21. 21. From Scala… object Singleton : Base(foo) { val bar = ... fun baz(): String { ... } } Singleton.baz()
  22. 22. Companion objects class Data private (val x: Int) { companion object { fun create(x) = Data(x) } } val data = Data.create(10)
  23. 23. Companion objects class Data private (val x: Int) { companion object { @JvmStatic fun create(x) = Data(x) } } val data = Data.create(10)
  24. 24. BTW: Not so great ideas • Companion objects  • Inheritance by delegation 
  25. 25. From C#... class Person( val firstName: String, val lastName: String ) fun Person.fullName() { return "$firstName $lastName" }
  26. 26. Not Kotlin implicit class RichPerson(p: Person) { def fullName = s"${p.firstName} ${p.lastName}" } class PersonUtil { public static string FullName(this Person p) { return $"{p.firstName} {p.lastName}" } }
  27. 27. It’s Groovy time! mylist .filter { it.foo } .map { it.bar }
  28. 28. Not Kotlin mylist.filter(_.foo).map(_.bar) mylist.stream() .filter((it) -> it.getFoo()) .map((it) -> it.getBar()) .collect(Collectors.toList()) mylist.Where(it => it.foo).Select(it => it.bar)
  29. 29. Not Kotlin (yet…) for (it <- mylist if it.foo) yield it.bar from it in mylist where it.foo select it.bar [it.bar for it in mylist if it.foo]
  30. 30. It’s Groovy time! val foo = new Foo() foo.bar() foo.baz() foo.qux() with(foo) { bar() baz() qux() }
  31. 31. DSLs: Type-Safe Builders a(href = "http://my.com") { img(src = "http://my.com/icon.png") }
  32. 32. Not Kotlin  10 PRINT "Welcome to Baysick Lunar Lander v0.9" 20 LET ('dist := 100) 30 LET ('v := 1) 40 LET ('fuel := 1000) 50 LET ('mass := 1000) 60 PRINT "You are drifting towards the moon."
  33. 33. Not Kotlin  object Lunar extends Baysick { def main(args:Array[String]) = { 10 PRINT "Welcome to Baysick Lunar Lander v0.9" 20 LET ('dist := 100) 30 LET ('v := 1) 40 LET ('fuel := 1000) 50 LET ('mass := 1000) 60 PRINT "You are drifting towards the moon." } }
  34. 34. From Scala: Data Classes data class Person( val first: String, val last: String ) { override fun equals(other: Any?): Boolean override fun hashCode(): Int override fun toString(): String fun component1() = first fun component2() = last fun copy(first: String = this.first, last: String = this.last) } val (first, last) = myPerson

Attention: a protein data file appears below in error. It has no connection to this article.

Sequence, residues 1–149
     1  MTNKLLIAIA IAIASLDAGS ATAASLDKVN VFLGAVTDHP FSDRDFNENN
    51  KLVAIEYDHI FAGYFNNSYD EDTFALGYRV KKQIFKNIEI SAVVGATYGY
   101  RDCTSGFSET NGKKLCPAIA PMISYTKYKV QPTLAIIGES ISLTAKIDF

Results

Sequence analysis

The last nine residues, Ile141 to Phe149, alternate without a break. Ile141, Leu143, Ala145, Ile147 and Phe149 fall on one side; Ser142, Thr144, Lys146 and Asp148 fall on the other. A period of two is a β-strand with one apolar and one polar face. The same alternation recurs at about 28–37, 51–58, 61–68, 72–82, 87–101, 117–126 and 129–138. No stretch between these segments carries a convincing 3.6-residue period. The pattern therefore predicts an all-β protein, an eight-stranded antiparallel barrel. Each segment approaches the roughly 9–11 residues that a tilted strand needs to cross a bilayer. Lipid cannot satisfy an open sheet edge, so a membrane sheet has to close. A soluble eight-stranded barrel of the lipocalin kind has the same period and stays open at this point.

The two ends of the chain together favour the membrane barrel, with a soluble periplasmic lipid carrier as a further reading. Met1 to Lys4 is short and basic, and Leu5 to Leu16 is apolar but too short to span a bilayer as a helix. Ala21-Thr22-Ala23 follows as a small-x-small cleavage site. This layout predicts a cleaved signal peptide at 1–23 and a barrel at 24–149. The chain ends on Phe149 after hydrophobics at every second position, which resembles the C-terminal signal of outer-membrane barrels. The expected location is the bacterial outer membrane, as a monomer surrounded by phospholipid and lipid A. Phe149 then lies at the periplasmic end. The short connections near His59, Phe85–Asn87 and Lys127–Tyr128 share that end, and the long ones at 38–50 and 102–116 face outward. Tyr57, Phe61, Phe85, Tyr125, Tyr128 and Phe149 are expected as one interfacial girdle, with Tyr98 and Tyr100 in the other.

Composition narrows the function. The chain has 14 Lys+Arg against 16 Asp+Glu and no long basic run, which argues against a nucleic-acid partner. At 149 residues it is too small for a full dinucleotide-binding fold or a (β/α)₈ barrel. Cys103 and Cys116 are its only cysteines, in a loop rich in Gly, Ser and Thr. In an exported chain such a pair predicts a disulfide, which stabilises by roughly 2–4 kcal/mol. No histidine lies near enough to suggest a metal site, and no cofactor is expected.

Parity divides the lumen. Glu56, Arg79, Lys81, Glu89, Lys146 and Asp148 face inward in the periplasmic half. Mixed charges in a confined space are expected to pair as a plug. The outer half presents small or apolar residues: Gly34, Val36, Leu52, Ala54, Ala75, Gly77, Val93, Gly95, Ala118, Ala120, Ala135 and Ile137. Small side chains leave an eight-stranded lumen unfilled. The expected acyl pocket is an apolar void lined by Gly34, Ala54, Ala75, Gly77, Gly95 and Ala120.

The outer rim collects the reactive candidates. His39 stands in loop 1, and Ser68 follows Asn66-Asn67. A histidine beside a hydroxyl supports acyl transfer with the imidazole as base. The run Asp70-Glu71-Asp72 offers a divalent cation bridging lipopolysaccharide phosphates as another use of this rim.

35. 35. Not Kotlin val greeting = x match { case Person(f, l) => s"Hi, $f $l!" case Pet(n) => s"Hi, $n!" _ => "Not so greetable O_o" }
  36. 36. From Gosu: Smart casts val greeting = when (x) { is Person -> "Hi, ${x.first} ${x.last}!" is Pet -> "Hi, ${x.name}!" else -> "Not so greetable o_O" }
  37. 37. From Groovy, C#: Elvis and friends val middle = p.middleName ?: "N/A" persons.firstOrNull()?.firstName ?: "N/A" nullable!!.foo (foo as Person).bar (foo as? Person)?.bar
  38. 38. Java/Scala/C#: Generics abstract class Read<out T> { abstract fun read(): T } interface Write<in T> { fun write(t: T) }
  39. 39. Java/Scala/C#: Generics class RW<T>(var t: T): Read<T>, Write<T> { override fun read(): T = t override fun write(t: T) { this.t = t } } fun foo(from: RW<out T>, to: RW<in T>) { to.write(from.read()) }
  40. 40. Do other languages learn from Kotlin? • I can't be 100% sure, but looks like they do • xTend • Hack • Swift • Java? • C#? • But let them speak for themselves!
  41. 41. My ideal world • Everyone builds on top of others’ ideas • Everyone openly admits it and says thank you • Difference from academia: it’s OK to not look at some prior work 
  42. 42. P.S. My Personal Workaround In practice, languages are often selected by passion, not reason. Much as I’d like it to be the other way around, I see no way of changing that. So, I’m trying to make Kotlin a language that is loved for a reason 